The US official mediating a maritime border dispute between Lebanon and Israel said on Monday he remained optimistic about making progress towards a deal and looked forward to returning to the region to make a "final arrangement".
Amos Hochstein made the comments after meeting Lebanon's top leaders as he presses efforts to clinch a rare agreement between enemy states that should allow both to develop offshore resources.
"I remain optimistic that we can make continuous progress as we have over the last several weeks and I look forward to being able to come back to the region to make the final arrangement," Hochstein said.
A senior Lebanese government source said Hochstein had passed on an Israeli proposal that provided Lebanon with "nothing south of Line 23" - a maritime line that was originally Lebanon's demand during negotiations.
Additionally, Israel would allow Lebanon to explore the entire Qana Prospect, an area with the potential to hold hydrocarbons which crosses beyond Line 23.
Lebanon informed Hochstein it was seeking guarantees it could commence exploration in its southern Block 9 in an area already awarded to a consortium led by French oil major Total as soon as an agreement is signed, the source said.
Hochstein told local broadcaster LBCI he expected exploration would move forward in the area once the companies involved had the "legal and diplomatic certainty" that would result from a deal.
Lebanon opposed any Israeli exploration before Lebanon was able to do the same, and informed Hochstein it could not provide guarantees that Israel would be safe from attack if it did so, the source added.
The heavily armed Lebanese group Hezbollah has threatened military action if Lebanon is prevented from exploiting what it deems to be its offshore rights. But it has also said it will respect the decision of the Lebanese government.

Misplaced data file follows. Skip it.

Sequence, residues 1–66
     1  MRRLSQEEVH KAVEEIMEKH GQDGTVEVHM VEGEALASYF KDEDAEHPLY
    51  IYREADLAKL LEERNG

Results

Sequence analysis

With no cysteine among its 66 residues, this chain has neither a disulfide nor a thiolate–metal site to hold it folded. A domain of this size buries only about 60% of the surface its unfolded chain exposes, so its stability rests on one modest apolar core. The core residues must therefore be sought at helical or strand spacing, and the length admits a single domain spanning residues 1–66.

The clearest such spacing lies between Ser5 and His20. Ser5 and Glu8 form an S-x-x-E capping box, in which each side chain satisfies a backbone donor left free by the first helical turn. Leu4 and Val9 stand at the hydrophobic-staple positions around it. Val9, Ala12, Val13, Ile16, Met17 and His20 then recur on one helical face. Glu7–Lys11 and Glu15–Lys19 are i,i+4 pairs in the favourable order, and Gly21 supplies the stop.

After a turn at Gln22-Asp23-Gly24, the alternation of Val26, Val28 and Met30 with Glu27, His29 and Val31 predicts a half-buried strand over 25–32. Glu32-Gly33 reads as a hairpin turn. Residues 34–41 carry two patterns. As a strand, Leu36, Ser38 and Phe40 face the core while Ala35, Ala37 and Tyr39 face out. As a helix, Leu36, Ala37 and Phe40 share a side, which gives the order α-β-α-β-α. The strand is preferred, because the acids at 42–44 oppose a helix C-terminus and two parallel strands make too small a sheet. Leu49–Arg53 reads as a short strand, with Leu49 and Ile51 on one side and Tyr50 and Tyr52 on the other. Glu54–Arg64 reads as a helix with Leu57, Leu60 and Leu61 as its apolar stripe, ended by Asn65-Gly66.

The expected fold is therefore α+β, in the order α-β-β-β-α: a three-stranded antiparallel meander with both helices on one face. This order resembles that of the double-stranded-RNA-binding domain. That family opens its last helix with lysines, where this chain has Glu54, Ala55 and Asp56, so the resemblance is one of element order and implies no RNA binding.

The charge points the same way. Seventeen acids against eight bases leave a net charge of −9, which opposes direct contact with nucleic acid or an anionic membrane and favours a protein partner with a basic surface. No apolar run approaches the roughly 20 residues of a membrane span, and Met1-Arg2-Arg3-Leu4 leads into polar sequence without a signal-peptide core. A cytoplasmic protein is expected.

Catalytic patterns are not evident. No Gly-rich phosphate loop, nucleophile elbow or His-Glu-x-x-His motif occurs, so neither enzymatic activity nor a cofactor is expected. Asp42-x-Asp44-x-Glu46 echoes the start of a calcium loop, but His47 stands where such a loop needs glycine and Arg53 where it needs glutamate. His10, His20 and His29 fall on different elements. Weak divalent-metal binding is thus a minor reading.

In a written statement to Reuters, Israeli Energy Minister Karin El-Harar declined to respond to "media reports."
"The proposal we related last week is serious, and its goal is to bring this issue to a close while preserving Israel's security and energy resilience," the statement said.
A senior Israeli official, speaking to Reuters on condition of anonymity on Sunday, said Hochstein would present a new Israeli proposal that "includes a solution that would allow the Lebanese to develop the gas reserves in the disputed area while preserving Israel's commercial rights".
This would entail "some drilling there" by the Lebanese, the Israeli official said without elaborating.
The United States in 2020 stepped up long-running efforts to mediate an agreement. Tensions over the issue escalated in June as Israel moved towards extracting hydrocarbons while Lebanon's exploration process remained paused.
Prime Minister Najib Mikati gave a thumbs up as he emerged from the meeting on Monday afternoon that also included President Michel Aoun and Parliament Speaker Nabih Berri.
Lebanese deputy parliament speaker Elias Bou Saab said the negotiations were moving "within a short timeframe" and said results could emerge in the next few weeks.
Lebanon and Israel are located in the Levant Basin, where a number of big sub-sea gas fields have been discovered since 2009. Israel already produces and exports gas.